Viscoelastic properties of polyelectrolyte solutions. III. Dynamic moduli from terminal to plateau regions

Yoshiaki Takahashi, Hiroyuki Hase, Masayoshi Yamaguchi, Ichiro Noda

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Abstract

Viscoelastic properties of entangled polyelectrolyte solutions in the absence of added salt were measured over a wide range of polymer concentration, C, from the terminal to plateau regions. master curves of storage, G′, and loss, G″, moduli from the terminal to plateau regions are obtained irrespective of polymer concentrations, by using Gx, defined as the modulus at which G′ and G″ coincide with each other, asa characteristic modulus to superinpose the data. The master curves are similar to those of non-ionic polymer solutions, implying that the distribution of relaxation times of entangled polyelectrolyte solutions are not so much different from that of entangled non-ionic polymer solutions. Specific viscosity at zero shear-rate, ηspO, steady-state compliance, JeO, and Gx of entangled polyelectrolyte solutions can be understood by classifying the solutions into two regions, i.e. semidilute and concentrated regions. In the semidilute regions the polymer concentration dependence is given by and JeO ∞ Gx- ∞ C-.3 in salt-free solutions. In concentrated regions (C > 0.3 g/cm3), on the other hand, the polymer concentration dependence of ηsp0, Je0 and Gx becomes stronger than that in the semidilute regions. The steep increase of ηsp0 may be due to the significant increase of concentration dependence of local frictional coefficients, and the concentration dependence of Je0 and Gx may be understood by the uniform network model, like entangled non-ionic polymer solutions at high concentrations.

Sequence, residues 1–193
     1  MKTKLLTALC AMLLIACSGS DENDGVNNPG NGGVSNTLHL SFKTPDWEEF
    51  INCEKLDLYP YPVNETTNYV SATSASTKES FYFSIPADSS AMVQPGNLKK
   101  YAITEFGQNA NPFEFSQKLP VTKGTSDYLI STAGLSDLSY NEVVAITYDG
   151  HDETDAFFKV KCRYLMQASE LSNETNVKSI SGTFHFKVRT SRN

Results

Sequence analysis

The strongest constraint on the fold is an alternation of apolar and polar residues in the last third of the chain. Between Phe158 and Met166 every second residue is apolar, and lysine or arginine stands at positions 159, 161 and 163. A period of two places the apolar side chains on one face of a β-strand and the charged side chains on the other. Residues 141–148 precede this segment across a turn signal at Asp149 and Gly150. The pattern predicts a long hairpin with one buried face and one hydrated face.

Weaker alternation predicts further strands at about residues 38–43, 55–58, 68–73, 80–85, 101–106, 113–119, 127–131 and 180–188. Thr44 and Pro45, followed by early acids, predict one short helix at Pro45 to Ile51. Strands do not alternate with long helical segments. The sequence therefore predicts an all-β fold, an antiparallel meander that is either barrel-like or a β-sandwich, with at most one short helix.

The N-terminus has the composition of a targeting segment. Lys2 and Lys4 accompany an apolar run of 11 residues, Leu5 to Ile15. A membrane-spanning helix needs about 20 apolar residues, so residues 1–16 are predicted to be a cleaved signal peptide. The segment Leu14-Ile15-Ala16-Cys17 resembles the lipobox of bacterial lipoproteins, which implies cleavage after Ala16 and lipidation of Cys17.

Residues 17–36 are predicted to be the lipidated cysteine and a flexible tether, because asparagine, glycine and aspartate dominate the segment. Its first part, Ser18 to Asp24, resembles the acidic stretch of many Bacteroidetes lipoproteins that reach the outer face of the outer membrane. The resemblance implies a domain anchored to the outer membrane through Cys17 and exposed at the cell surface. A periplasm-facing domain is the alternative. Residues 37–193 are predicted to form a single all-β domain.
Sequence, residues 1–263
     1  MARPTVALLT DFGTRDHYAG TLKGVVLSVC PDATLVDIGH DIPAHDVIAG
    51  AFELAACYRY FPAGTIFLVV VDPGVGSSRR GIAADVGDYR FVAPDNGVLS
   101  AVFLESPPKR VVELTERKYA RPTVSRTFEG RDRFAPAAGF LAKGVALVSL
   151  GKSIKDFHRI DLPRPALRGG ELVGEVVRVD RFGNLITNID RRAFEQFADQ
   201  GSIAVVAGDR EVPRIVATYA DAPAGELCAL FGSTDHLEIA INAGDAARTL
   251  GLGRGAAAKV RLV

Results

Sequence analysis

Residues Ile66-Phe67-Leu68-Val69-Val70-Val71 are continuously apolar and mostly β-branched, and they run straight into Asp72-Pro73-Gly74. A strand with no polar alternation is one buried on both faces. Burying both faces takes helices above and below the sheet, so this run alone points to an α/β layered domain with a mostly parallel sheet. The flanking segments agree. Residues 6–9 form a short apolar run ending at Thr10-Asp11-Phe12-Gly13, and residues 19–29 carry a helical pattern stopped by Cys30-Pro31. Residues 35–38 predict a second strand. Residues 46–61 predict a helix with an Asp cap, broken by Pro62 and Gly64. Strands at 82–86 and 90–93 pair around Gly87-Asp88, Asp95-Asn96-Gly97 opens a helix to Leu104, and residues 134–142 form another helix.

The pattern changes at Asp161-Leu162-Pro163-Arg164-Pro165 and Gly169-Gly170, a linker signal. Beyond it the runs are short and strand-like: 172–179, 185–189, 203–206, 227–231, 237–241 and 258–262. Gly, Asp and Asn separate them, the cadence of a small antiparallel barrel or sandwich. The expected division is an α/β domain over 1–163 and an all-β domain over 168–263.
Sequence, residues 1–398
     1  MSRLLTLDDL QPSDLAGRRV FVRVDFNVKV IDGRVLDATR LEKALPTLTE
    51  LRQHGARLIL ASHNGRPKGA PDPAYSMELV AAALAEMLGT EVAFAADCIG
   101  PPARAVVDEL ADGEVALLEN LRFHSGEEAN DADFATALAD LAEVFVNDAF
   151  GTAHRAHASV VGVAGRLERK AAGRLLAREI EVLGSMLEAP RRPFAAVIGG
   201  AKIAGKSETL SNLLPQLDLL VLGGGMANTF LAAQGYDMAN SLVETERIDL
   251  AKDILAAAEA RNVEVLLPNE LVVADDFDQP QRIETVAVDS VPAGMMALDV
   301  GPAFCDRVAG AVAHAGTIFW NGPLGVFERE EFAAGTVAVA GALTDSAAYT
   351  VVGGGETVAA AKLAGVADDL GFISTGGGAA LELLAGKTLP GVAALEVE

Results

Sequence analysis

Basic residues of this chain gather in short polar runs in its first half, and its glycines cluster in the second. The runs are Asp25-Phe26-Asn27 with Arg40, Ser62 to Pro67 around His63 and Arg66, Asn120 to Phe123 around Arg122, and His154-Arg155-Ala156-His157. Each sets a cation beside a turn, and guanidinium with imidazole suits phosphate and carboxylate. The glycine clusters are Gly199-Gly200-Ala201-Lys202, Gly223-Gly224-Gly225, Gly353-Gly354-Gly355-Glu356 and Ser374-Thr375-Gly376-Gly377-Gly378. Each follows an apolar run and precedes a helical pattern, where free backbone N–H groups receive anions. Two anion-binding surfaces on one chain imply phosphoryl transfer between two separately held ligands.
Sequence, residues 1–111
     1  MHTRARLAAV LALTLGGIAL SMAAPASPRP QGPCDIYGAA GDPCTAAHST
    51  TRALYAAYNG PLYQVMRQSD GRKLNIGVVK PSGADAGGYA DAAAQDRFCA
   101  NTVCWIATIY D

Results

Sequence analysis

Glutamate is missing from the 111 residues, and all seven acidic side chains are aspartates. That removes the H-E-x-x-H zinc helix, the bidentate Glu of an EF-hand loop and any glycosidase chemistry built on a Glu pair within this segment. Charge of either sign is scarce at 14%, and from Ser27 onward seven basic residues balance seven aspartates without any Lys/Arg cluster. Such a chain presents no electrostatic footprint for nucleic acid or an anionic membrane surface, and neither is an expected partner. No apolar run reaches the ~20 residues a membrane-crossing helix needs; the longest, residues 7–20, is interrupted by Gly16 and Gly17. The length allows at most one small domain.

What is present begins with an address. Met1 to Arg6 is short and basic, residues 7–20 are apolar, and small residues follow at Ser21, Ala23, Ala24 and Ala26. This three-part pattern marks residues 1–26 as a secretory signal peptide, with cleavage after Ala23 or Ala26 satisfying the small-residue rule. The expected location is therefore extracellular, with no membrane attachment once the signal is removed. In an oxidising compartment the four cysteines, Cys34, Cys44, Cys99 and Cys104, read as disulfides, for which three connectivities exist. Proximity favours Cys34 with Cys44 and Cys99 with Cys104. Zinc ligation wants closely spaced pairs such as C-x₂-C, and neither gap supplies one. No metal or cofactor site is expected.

Original languageEnglish
Pages (from-to)911-916
Number of pages6
JournalJournal of Non-Crystalline Solids
Volume172-174
Issue numberPART 2
DOIs
Publication statusPublished - Sep 1 1994
Externally publishedYes

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All Science Journal Classification (ASJC) codes

  • Electronic, Optical and Magnetic Materials
  • Ceramics and Composites
  • Condensed Matter Physics
  • Materials Chemistry

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